Once seated, we were faced with an extremely high-priced menu for English pub fare. This restaurant was not nice enough for prices like these. A £30 steak at a basic pub had to be fantastic (right?), so three of us took the challenge to find out. The rest of the dishes also sounded appealing, so we opted for an assortment of apps and entrees, including some oysters to start. 

Let me start with the oysters. One of them was bad. Not just bad. Rancid. The smell coming of the plate was putrid. For the cook or server not to notice this is downright criminal. The worst part, when we let the server know, he just took the single, bad oyster off the plate, with his bare hands and carried it away. So tacky. Again, prices too high for tacky service and spoiled food.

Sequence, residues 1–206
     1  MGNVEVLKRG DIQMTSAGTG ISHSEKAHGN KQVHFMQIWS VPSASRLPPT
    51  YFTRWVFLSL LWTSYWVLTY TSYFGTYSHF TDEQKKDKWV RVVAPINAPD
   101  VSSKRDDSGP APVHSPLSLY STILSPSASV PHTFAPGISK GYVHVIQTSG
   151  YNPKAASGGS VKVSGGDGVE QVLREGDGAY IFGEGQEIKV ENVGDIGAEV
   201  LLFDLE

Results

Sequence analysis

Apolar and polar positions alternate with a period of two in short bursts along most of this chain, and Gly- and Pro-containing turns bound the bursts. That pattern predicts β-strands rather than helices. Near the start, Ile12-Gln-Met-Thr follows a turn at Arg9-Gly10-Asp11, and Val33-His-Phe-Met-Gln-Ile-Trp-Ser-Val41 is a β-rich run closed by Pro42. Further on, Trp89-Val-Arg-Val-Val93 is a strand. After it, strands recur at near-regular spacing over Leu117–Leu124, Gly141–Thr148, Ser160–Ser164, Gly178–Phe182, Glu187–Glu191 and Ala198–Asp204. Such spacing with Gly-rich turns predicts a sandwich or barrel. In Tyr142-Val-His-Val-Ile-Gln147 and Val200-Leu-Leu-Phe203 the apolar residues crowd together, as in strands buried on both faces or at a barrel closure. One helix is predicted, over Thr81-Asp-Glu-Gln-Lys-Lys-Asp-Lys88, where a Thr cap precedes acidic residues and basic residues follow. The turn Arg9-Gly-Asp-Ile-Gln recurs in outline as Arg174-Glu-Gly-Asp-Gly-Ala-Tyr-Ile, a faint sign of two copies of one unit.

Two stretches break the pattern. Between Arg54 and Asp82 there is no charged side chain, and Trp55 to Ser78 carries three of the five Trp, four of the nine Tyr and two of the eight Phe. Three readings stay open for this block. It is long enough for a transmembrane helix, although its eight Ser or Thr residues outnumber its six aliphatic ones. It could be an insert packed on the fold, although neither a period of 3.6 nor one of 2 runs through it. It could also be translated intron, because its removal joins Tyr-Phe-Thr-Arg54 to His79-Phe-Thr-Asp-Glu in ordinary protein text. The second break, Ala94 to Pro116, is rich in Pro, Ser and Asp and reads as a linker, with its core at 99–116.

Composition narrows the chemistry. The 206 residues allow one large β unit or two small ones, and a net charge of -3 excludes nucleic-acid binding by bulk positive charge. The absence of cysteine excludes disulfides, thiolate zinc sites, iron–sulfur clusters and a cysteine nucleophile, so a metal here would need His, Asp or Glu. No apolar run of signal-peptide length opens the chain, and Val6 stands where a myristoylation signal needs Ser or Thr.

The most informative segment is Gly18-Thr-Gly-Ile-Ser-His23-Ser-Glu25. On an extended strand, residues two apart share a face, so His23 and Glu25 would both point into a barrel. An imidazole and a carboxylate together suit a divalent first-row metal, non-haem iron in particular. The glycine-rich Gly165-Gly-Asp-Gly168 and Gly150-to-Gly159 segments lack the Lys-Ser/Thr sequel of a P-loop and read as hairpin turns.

After that we actually enjoyed some ox cheek mac n’ cheese before being thoroughly disappointed in our meals. 

Our six entrees came to us ICE-COLD. And we waited a longggg time for those entrees. They must have been sitting on the line, far from a heat lamp for way too long. It was disgusting. This was a roast, three steaks, and a couple of fish & chips. So disappointing. And, since we try to be good people, and the idea of wasting all that food seemed horrible (and waiting forever to remake it sounded just as bad) we sucked it up and ate our cold, dry, sad meals. 

Dinner at London’s The Mitre

The Mitre’s Fish & Chips, London

The management did take our complaints seriously, I have to say. Well, they weren’t all that apologetic, but they did heavily discount the bill and offer us dessert. They made it right, but, unfortunately, nothing was good enough to warrant a return visit. 

After the meal, the incompetent server had us reviewing an outdated dessert menu, so when we ordered, everything was from the previous week and we had to then do the whole song and dance over again. When the desserts finally came, I had to get up myself to get silverware for the table, and then again to find someone to give us or check.